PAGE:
Today, the SEC instituted an administrative proceeding against Fidelity Brokerage. In addition to finding that Fidelity Brokerage violated the broker-dealer books and records provisions of Section 17(a) of the Securities Exchange Act of 1934 and Rule 17a-4 thereunder, the SEC also found that Fidelity Brokerage failed reasonably to supervise the employees who altered or destroyed the records. The SEC's order censures Fidelity Brokerage, orders it to cease and desist from violating the above provisions, and orders it to pay a $1 million civil penalty. As part of its settlement, Fidelity Brokerage neither admitted nor denied the SEC's findings. In determining to accept Fidelity Brokerage's settlement offer, the SEC considered remedial acts promptly undertaken and cooperation afforded its staff.
On August 2, the NYSE's hearing panel decision against Fidelity Brokerage became final. The NYSE hearing panel censured Fidelity Brokerage and ordered it to pay a $1 million fine. Fidelity Brokerage neither admitted nor denied the NYSE's findings. In addition to the joint investigation and coordinated enforcement actions involving Fidelity Brokerage, the NYSE separately took disciplinary actions in related cases against seven individuals, including six former registered representatives of the firm (at the firm's Tigard, Oregon branch office) and one former customer service representative (at the Salt Lake City, Utah branch office), namely: Stephanie Arpin-Meier of Yukon, Okla.; Robert Bierman of West Linn, Ore.; Bradley Kemp Fisher of Lake Oswego, Ore.; Robert Larry Lockwood of Tigard, Ore.; Robert Justin McDonald of Portland, Ore.; Tyler Wayne Obray of Cedar Hill, Ore.; and John A. Leonard of Bountiful, Utah, the customer service representative. In addition, NYSE disciplinary proceedings are currently pending with respect to the branch office managers of the Tigard and Salt Lake City branch offices.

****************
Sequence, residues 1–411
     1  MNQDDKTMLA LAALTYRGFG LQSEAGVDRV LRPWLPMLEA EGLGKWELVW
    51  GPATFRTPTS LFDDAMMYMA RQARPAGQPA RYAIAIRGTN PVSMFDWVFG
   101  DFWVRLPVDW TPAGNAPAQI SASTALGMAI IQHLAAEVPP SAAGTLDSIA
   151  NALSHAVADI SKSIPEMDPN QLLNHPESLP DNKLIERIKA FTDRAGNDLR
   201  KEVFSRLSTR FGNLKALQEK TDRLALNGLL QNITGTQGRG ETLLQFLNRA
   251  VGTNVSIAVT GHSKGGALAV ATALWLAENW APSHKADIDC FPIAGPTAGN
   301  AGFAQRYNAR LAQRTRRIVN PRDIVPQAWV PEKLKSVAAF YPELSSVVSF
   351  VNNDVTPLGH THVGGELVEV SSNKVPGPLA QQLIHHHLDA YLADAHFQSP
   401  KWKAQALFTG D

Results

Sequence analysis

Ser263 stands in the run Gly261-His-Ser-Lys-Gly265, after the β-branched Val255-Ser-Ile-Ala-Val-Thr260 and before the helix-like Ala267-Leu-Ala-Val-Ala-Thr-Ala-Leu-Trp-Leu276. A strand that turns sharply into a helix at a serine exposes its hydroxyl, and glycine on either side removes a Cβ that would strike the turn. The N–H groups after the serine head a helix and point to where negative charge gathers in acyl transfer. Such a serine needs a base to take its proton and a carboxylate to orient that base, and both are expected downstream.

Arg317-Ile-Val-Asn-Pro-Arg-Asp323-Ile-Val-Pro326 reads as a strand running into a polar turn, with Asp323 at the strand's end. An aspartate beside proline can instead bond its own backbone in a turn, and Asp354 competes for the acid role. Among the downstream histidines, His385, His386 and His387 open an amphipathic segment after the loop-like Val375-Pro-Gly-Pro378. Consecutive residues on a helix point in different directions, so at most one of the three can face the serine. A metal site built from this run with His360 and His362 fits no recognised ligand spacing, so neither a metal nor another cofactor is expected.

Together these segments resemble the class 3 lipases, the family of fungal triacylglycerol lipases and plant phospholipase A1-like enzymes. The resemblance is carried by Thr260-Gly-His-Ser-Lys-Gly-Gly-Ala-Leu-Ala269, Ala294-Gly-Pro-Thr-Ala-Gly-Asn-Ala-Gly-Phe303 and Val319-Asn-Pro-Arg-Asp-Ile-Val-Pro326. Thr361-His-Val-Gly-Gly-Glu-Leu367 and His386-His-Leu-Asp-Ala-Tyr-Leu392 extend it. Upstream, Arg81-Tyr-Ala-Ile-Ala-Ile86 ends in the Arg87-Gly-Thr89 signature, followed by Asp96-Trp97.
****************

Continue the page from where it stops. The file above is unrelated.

The NYSE hearing panel found that during an internal inspection at the Tigard branch in July 2002, the six registered representatives altered records of their member firm employer after the fact, thereby causing their member firm employer to preserve inaccurate books and records. The hearing panel also found that during an internal inspection at the Salt Lake City branch in July 2002, the customer service representative concealed documents from the firm. The NYSE imposed the following penalties: on Fisher and McDonald, a censure and three-month bar; on Arpin-Meier, Bierman, Obray, and Leonard, a censure and two-month bar; and on Lockwood, a censure and one-month suspension. All seven individuals consented to these penalties without admitting or denying guilt.
Securities and Exchange Commission
Sandra J. Harris, Associate Regional Director, Enforcement
Pacific Regional Office
Michele Wein Layne, Assistant Regional Director, Enforcement
Pacific Regional Office
New York Stock ExchangeSee Also: Administrative Proceeding Release No. 34-50138
Christiaan Brakman, NYSE Media Relations Manager